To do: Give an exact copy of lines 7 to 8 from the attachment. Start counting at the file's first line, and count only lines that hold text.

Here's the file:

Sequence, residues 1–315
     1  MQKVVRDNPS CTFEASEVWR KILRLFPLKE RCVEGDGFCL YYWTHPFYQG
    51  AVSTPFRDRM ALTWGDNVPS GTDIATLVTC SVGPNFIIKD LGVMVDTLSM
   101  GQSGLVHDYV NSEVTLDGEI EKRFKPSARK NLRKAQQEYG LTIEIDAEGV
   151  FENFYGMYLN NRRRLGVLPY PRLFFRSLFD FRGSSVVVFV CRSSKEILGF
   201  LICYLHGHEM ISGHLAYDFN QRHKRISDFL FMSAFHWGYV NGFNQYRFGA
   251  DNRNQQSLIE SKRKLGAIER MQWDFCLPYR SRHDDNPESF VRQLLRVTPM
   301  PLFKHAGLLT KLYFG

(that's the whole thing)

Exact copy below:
   251  DNRNQQSLIE SKRKLGAIER MQWDFCLPYR SRHDDNPESF VRQLLRVTPM
   301  PLFKHAGLLT KLYFG